Editor's note: This story has been updated to reflect more accurately Houston's healing relationship with her father.
Hot cocoa and a conversation weren't always that easy to come by for Makena Houston.
Now it's part of the daily routine in East Portland for the senior from Columbia Christian School — which serves only 60 high school students —and her best friend, Angie Siler, the K-12 school's librarian.
"When you come across a person who's been through the same kind of pain you've been through, there is almost an immediate bond," Siler said.
It'd be hard to tell that there is any pain with Houston.
Back in November, the senior from Boring easily won the OSAA Class 3A/2A/1A state cross country title, becoming the first girl to win the state title from Columbia Christian and only the second winner ever from her school; the last coming in 1964 from Roland Havens.
There were plenty of people along the way to doubt Houston. To infect her mind to the point where she believed she was worthless.
There is plenty of pain when one looks behind Houston's crystal blue eyes.
She was a distance runner trying to run from emotions that will always catch up, no matter how fast your mile split may be.
Behind a school community and a drive to not repeat the mistakes before her, Houston has faced those internal conflicts and has become someone who reflects so much of her mother.
Someone Wendy would be proud of.
A tough beginning
Houston describes her mom as a "spitfire" and talks about how stubborn she was and how she always tried to be there for her friends, whether that's giving advice or just listening.
Above all else, Houston believes her mom, Wendy, passed down an important trait: The will to never give up. And Wendy never gave up on her children. Even at a time where her marriage was taking a difficult turn.
Houston talks of emotional and physical abuse her mother took at the hands of her father, eventually leading to a split.
The Tribune spoke to Houston's father, who neither confirmed nor denied her version of her story.
At the same time, Wendy was battling with an extremely invasive cancer that couldn't be operated on because the tumor had grown so deep into the lobes of her brain.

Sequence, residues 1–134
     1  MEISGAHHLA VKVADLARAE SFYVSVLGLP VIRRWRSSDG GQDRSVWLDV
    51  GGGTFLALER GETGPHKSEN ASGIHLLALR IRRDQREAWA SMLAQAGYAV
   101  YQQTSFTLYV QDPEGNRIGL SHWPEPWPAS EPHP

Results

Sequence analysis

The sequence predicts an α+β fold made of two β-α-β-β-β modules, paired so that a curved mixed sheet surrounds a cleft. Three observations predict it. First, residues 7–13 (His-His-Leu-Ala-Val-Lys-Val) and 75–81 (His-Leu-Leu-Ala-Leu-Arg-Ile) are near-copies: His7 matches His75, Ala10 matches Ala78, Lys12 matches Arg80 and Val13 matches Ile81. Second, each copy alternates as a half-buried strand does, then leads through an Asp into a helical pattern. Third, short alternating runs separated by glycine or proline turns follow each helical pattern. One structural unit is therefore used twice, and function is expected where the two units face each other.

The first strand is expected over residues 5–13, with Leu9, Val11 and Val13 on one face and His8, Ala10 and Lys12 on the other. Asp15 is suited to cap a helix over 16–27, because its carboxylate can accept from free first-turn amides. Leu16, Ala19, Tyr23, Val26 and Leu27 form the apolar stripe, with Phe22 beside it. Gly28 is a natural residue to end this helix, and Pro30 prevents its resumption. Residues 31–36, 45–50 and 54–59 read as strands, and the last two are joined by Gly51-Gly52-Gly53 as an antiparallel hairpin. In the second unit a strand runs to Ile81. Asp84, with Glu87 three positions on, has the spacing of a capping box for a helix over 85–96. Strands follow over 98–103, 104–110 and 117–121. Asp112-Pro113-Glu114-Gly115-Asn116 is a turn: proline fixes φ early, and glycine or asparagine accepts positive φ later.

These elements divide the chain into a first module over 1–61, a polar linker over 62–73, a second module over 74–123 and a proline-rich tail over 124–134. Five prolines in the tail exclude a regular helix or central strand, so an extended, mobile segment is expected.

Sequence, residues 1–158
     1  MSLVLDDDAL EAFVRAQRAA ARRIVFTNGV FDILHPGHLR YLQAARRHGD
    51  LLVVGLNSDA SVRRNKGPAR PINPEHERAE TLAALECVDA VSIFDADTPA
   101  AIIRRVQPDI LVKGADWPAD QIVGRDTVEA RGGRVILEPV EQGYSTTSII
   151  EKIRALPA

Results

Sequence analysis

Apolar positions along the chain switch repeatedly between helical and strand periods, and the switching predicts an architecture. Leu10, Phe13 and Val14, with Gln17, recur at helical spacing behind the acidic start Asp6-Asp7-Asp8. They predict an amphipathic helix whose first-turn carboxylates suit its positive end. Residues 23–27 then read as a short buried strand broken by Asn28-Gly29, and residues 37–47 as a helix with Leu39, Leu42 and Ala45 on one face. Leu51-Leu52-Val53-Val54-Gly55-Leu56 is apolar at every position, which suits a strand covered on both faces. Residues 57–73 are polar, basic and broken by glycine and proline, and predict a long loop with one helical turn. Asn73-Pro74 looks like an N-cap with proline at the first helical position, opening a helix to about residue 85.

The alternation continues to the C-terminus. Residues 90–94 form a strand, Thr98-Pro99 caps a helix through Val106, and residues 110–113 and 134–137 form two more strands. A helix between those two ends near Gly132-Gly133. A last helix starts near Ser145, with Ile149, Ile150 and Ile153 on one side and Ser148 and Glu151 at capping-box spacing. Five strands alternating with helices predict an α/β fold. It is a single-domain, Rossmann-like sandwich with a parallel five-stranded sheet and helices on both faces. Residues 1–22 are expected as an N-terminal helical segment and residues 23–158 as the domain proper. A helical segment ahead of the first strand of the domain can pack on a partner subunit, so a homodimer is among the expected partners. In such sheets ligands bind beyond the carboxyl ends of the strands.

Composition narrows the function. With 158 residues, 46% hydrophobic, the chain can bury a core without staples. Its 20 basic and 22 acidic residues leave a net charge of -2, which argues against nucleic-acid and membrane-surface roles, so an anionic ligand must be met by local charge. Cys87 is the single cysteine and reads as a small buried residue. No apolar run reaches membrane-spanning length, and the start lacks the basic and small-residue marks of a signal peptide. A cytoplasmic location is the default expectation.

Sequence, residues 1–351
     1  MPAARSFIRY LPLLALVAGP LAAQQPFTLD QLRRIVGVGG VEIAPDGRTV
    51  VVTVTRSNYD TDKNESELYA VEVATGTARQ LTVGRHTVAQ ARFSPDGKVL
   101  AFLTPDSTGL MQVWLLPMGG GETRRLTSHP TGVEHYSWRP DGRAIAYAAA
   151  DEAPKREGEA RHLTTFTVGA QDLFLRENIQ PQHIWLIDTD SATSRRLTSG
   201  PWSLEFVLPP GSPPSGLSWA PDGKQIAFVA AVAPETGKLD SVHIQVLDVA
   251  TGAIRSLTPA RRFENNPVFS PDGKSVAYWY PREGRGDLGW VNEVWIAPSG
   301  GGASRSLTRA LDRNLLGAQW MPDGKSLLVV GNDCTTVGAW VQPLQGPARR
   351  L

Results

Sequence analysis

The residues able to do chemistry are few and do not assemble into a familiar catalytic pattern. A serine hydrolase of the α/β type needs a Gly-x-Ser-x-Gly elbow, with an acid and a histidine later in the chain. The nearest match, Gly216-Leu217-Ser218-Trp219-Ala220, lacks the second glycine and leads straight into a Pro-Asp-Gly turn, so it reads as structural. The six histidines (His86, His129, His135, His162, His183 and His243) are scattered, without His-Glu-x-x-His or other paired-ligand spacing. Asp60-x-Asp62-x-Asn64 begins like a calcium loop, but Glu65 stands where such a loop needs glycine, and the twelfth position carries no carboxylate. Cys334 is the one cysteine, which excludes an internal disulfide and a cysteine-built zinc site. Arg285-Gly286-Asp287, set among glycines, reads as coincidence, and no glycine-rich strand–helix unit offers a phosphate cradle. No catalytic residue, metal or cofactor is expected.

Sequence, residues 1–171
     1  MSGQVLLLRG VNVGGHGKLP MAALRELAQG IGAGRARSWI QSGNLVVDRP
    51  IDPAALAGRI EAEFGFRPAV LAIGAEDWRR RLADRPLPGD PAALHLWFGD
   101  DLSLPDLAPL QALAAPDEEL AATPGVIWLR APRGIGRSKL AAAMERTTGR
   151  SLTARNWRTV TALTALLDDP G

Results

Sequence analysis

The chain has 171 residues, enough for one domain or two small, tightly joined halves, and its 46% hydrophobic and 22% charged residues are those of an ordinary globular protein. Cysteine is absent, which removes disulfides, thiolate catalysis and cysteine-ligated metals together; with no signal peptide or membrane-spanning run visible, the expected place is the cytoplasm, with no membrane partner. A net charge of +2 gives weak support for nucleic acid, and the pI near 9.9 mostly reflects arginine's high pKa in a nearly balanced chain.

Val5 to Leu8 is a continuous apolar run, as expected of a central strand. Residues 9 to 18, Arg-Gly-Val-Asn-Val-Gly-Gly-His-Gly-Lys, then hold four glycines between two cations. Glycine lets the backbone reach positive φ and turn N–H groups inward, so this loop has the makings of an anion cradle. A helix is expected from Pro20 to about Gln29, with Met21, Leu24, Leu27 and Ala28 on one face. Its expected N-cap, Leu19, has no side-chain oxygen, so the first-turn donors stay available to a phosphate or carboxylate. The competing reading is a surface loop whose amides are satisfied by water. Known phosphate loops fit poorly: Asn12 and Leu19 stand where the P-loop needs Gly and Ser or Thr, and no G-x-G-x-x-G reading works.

Witnessing the spiral caused by the cancer wasn't an easy sight for someone not even in grade school yet.
"With that kind of cancer, it is degenerative obviously, so it almost acts in a way like Alzheimer's, where that person forgets pretty much everything, motor skills are gone," Houston said. "So just witnessing that as a child, there's really nowhere to hide from that. Sometimes if a family member passed away, you can explain to a small child in nicer terms what's happening, but when you're there to witness it, there was no escape at that time."
Wendy eventually passed away when Houston was 5 years old.
"Kids need their parents," Houston said. "You're never ready for the loss of a parent, whether they die when you're 5 or when they die when you're 45 or any age whatsoever. So it was definitely something that I internalized very much."
Following her mother's passing, Houston went back to live with her father.
Houston's father continued on with the same abusive tendencies, she alleges, this time directed at Houston.
"I really bore the brunt of that growing up," Houston said. "Practically, outright being told that I was useless, that I was worthless. I was really defined by what I could accomplish and how much I could do and if I could do it well. If I wasn't performing to standards, whether that be household chores or schoolwork, there were pretty heavy punishments for that."
The effects of Houston's home life were evident when it came to school time.
Houston wanted to be alone, away from anyone else who might judge her the same way she was feeling at home. No desire to express any emotions as they were being taught as a sign of weakness at home.